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Combat poverty while conserving great ape habitats – scientists

CIFOR (Center for International Forestry Research) - Tue, 3 Sep 2013 00:51 GMT
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Reshaping international policies that protect both great apes and the livelihoods of people living alongside them are critical to finding a positive outcome for both,” says Terry Sunderland, a senior scientist with the Center for International Forestry Research. Picture Credit: Terry Sunderland
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Biodiversity conservation projects created to save endangered great apes could also play a key role in poverty alleviation if local communities stand to benefit, according to researchers.

Chimpanzeesorangutansbonobos and gorillas live in some of the poorest regions of Africa and Asia, and they are fast losing their forest habitats to such human activities as hunting, logging, agriculture and mining.

Territorial incursions related to forest fire, oil palm plantations, war and conflict are also putting pressure on great apes, which number from a few hundred to a few tens of thousands, depending on the subspecies, statistics from the World Wild Fund for Nature (formerly World Wildlife Fund) conservation body show.

“Reshaping international policies that protect both great apes and the livelihoods of people living alongside them are critical to finding a positive outcome for both,” said Terry Sunderland, a senior scientist with the Center for International Forestry Research (CIFOR).

“As pressures grow on tropical forests, policymakers need to craft development policy to balance great apes conservation and biodiversity in general.”

Although humans and great apes shared the same forests for tens of thousands of years in relative peace, increasing human populations, poverty, and a decrease in availability of natural resources have led to conflict, Sunderland said.

Many great apes are protected in high-security conservation areas that can restrict poor local communities from accessing much-needed food and other subsistence livelihood supplies, he added.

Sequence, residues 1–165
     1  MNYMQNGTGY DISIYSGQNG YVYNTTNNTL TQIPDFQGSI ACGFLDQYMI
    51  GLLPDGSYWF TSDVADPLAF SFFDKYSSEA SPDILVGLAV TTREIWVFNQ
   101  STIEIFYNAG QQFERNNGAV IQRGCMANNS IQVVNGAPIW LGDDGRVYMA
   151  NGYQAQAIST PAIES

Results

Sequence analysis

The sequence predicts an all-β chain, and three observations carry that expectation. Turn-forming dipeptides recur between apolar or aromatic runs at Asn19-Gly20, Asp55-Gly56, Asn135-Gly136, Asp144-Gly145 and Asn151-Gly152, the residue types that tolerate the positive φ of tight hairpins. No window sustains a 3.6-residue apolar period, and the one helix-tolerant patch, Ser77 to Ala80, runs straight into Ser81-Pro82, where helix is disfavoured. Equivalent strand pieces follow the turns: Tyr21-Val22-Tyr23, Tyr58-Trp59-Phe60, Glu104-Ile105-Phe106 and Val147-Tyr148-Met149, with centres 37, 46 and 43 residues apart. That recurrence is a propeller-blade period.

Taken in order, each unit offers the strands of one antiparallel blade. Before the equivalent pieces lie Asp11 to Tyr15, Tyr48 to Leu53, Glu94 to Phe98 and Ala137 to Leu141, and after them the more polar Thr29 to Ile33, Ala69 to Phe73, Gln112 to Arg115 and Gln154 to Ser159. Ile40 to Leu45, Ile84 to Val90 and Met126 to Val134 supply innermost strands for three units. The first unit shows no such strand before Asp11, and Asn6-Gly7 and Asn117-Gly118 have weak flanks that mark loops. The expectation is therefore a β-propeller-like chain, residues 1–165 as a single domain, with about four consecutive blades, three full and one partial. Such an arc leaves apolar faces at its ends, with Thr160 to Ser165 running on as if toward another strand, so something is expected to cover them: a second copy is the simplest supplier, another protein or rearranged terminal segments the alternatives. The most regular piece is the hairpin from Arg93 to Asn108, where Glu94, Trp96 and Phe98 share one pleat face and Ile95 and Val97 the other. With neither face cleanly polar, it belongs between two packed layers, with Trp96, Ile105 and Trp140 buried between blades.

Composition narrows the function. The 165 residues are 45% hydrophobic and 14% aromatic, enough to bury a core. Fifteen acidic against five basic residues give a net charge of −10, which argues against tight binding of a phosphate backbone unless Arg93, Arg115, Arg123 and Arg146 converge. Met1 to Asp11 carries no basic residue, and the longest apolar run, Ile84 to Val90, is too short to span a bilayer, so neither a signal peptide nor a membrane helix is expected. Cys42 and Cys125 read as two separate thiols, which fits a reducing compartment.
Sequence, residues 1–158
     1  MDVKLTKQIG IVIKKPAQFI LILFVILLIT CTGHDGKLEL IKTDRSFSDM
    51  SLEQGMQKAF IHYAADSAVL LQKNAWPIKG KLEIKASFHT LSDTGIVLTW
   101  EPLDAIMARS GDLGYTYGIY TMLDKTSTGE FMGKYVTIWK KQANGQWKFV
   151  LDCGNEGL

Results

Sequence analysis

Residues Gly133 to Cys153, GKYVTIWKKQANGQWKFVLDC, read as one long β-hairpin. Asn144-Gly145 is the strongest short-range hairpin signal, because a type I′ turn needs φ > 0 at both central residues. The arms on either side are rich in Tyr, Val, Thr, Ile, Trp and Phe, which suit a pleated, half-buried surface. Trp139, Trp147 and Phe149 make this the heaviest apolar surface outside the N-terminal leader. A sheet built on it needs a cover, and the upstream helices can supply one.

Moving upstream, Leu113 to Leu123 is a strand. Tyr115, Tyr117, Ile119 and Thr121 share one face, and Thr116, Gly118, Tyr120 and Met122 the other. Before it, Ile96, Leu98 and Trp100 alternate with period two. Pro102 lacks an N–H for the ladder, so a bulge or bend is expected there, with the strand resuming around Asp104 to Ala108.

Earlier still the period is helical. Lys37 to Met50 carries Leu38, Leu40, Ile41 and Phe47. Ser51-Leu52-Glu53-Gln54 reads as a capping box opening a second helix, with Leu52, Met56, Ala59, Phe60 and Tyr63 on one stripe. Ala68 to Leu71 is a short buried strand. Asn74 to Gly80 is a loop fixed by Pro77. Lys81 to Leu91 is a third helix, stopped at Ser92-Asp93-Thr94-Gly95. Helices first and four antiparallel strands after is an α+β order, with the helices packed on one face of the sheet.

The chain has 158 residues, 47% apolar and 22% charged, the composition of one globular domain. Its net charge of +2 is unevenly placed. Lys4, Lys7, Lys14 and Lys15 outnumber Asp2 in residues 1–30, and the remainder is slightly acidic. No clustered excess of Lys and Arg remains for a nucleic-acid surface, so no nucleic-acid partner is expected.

In addition, local communities often do not benefit financially from great ape conservation-linked tourism.


One means of establishing equilibrium between often competing interests of human development and great ape conservation would be to encourage development projects under the global REDD+ (Reducing Emissions from Deforestation and Forest Degradation) mechanism, Sunderland said.

REDD+ is a climate change mitigation scheme that aims to encourage the reduction of greenhouse gas emissions by creating incentives to conserve, restore and sustainably manage forests.

In both Asia and Africa, the practice of replanting forest habitats and creating related jobs, could help meet REDD+ targets, according to the new research summarized in a paper titled “Linking conservation and poverty alleviation: A discussion paper on good and best practice in the case of great ape”.

In Africa, great ape tourism pulls in high revenues – in Uganda, for example, gorilla permits generate more than $4 million a year, the paper said, citing Akanwasah Barirega from Uganda’s Ministry of Tourism, Wildlife and Antiquities.

Conservation areas hire trackers and guides, while ticket sales and supporting accommodation and service industries can benefit the local economy.

The downside of the tourism industry is that it can make great apes more susceptible to poaching, crop-raiding and other forms of conflict with humans, the report said, adding that economic risks to poor people are high when great apes raid crops, but conversely, human hunting and capture of great apes harms conservation efforts.

“Many great apes, including the majority of wild orangutans in Sumatra and Borneo – chimpanzees in many African countries – live in unprotected habitats where land-use change and increasing population growth can increase conflict,” Sunderland said.

For more information on the issues discussed in this article, please contact Terry Sunderland at or Dilys Roe at

This research is carried out as part of the CGIAR Research Program on Forests, Trees and Agroforestry.


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